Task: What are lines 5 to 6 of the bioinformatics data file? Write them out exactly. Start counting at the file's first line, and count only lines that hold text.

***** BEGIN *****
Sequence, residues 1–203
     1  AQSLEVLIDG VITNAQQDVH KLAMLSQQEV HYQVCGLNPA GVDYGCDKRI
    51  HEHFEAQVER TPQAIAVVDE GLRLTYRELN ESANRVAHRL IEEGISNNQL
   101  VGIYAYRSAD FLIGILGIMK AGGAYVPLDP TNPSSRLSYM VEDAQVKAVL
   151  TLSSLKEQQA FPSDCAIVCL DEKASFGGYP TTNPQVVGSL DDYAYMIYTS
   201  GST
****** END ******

   151  TLSSLKEQQA FPSDCAIVCL DEKASFGGYP TTNPQVVGSL DDYAYMIYTS
   201  GST